Veering between the humorous and the politically committed, lately -written songs and other ballads, "The Iron Behind the Velvet" covers a wide territory, the only subject left untouched, be it by policy or otherwise, that of love.
This could be called a man's album. It's certainly one for the
boozer, with two songs about St. Patrick that transform the hazily-defined
cleric into a puckish Bacchus whose exploits, besides the exiling
of snakes, make the marriage of Cana look like a sodality outing.
The opener "Patrick Was A gentleman" has the saint introducing
whisky to the natives, a family gift since "his mother kept
a sheeben shop in the town of Enniskillen" Turn it over and
on "Patrick's Arrival", his bish is a mighty quaffer,
magically recycling the beer so that the flagons of himself and
his company never run dry.
But such uproarious cheek is balanced by "The Foxy Devil", a song for hungover mornings - yet one that, for all its gloomy reflections, has a far less harrowing final verse than Bunny Carr and his health education campaign might prefer.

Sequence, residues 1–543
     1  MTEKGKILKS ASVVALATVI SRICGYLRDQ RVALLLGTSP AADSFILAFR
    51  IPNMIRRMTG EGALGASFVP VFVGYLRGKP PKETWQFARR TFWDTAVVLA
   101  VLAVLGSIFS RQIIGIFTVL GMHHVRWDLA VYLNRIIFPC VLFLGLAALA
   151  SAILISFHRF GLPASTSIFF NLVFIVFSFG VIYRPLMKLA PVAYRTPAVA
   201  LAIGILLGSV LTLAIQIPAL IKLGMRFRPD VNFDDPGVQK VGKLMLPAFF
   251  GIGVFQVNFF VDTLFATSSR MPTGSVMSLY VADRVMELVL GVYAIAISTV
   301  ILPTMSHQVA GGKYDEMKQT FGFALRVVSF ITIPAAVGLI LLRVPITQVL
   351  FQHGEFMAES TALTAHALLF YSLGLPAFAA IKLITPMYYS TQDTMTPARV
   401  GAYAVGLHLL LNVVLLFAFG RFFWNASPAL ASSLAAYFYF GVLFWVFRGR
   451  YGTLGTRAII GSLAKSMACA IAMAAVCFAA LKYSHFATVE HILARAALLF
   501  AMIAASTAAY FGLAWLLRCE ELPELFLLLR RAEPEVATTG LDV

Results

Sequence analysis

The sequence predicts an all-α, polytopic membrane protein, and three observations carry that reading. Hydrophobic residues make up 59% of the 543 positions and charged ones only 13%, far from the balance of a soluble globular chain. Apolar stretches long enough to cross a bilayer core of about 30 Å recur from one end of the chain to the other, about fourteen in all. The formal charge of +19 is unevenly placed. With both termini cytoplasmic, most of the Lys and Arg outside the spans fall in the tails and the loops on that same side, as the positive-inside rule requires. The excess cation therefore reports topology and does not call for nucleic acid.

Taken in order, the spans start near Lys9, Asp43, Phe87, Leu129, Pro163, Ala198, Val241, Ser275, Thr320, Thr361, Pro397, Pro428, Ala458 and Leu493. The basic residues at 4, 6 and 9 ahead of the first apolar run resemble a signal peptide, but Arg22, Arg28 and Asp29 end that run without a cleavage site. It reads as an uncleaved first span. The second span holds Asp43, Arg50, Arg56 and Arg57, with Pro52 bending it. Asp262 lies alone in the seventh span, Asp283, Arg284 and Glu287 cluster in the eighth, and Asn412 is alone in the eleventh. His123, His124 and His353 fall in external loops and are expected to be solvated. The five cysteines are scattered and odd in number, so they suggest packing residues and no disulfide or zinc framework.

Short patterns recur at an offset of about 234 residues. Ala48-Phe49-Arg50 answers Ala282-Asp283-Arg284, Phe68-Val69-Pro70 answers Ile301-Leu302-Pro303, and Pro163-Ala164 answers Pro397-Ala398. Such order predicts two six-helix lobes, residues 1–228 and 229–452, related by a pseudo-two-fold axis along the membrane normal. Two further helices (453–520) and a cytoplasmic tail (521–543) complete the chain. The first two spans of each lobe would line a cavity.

It was written by the least known member of Sweeney's Men, Joe Dolan - who also contributes "Trip To Jerusalem", another irreligious pilgrimage about an archeology dig in Israel when the distractions had more substance than the work. The old song about a bare-knuckled fight "Morrisey And The Russian Sailor" finishes off the frolics and the roguery.
No, not the roguery for the triad of "The Sun Is Burning", "Dunlavin Green" and "Joe McCann" take on oppressors, modern and ancient. After the carefree velvet, the iron of struggle.